Peirce’s Diagrammatic Reasoning and Abduction

Ahti-Veikko Juhani Pietarinen*

*Corresponding author for this work

    Research output: Chapter in book/report/conference proceedingChapterpeer-review

    1 Citation (Scopus)

    Abstract

    The mainstay of Peirce’s diagrammatic reasoning is deduction, for which he developed a comprehensive family of graphical logics termed existential graphs. He thought, however, that also the two other kinds of inferences, namely, abduction and induction, indirectly depend on diagrammatic reasoning, given that they depend for their justification on deductive reasoning. This chapter presents Peirce’s theory of diagrams from the wider philosophical and scientific perspectives. In particular, the chapter addresses the issue of how abductive modes of reasoning too rest on the theory and philosophy of diagrams and how abduction contributes to the value of diagrammatic reasoning in science. The chapter highlights two fields of science that have enjoyed renewed potential arising from their analysis in terms of Peirce’s theory of diagrammatic reasoning and abduction: cognitive science and exact mathematical and computational sciences.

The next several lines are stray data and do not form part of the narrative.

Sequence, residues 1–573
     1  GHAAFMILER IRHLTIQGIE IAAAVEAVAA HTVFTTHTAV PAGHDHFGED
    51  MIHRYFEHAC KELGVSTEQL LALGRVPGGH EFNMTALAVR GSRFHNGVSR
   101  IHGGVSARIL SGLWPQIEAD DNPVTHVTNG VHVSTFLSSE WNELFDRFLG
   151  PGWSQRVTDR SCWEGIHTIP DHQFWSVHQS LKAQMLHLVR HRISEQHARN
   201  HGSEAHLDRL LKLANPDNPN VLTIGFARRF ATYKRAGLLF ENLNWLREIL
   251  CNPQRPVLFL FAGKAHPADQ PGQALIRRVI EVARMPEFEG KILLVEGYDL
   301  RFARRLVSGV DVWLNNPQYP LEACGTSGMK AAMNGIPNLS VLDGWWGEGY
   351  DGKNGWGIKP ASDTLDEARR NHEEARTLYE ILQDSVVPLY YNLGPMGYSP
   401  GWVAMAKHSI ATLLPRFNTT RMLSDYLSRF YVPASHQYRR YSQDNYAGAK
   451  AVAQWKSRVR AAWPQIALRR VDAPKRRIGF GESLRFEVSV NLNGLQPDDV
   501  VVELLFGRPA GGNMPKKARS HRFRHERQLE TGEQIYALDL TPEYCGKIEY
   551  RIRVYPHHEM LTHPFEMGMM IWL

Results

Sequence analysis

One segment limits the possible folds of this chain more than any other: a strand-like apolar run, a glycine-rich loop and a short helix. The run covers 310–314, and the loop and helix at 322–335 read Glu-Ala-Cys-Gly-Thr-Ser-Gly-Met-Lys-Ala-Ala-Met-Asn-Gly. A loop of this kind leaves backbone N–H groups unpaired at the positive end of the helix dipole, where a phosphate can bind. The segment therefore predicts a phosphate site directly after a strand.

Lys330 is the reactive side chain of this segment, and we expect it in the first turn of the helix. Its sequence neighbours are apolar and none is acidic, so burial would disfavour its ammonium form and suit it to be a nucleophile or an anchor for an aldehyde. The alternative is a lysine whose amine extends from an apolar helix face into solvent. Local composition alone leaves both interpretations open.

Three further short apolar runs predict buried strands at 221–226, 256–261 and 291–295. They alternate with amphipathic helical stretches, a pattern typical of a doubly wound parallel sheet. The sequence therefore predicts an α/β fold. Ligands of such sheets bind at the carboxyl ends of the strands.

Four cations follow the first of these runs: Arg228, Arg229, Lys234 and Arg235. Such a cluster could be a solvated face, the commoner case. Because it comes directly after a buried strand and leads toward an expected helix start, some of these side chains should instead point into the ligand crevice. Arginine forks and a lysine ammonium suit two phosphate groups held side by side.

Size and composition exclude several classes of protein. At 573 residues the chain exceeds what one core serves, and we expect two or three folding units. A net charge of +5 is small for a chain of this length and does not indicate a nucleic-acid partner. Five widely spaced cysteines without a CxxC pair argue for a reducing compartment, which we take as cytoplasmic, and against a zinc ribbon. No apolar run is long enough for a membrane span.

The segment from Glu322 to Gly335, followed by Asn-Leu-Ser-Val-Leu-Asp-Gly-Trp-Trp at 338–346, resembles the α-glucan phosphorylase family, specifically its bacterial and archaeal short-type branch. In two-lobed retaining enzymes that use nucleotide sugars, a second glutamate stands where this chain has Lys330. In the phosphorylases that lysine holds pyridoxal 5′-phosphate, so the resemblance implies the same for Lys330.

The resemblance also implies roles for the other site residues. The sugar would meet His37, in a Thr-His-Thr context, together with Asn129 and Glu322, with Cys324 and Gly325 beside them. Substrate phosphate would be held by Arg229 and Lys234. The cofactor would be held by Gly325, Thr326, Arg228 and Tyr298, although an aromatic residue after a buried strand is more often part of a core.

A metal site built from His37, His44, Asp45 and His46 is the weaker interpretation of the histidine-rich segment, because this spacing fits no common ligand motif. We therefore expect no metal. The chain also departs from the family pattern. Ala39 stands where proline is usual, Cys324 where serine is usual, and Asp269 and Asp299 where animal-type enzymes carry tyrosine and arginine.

Original languageEnglish
    Title of host publicationHandbook of Abductive Cognition
    EditorsLorenzo Magnani
    PublisherSpringer Cham
    Pages741–759
    Number of pages19
    Edition1st
    ISBN (Electronic)9783031101359
    ISBN (Print)9783031101342
    DOIs
    Publication statusPublished - 1 Apr 2023

    Scopus Subject Areas

    • Engineering(all)
    • Arts and Humanities(all)
    • Mathematics(all)

    User-Defined Keywords

    • Abduction
    • Abductive diagrams
    • Cognitive science
    • Diagrams
    • Existential graphs
    • Logic of science
    • Mathematics
    • Peirce

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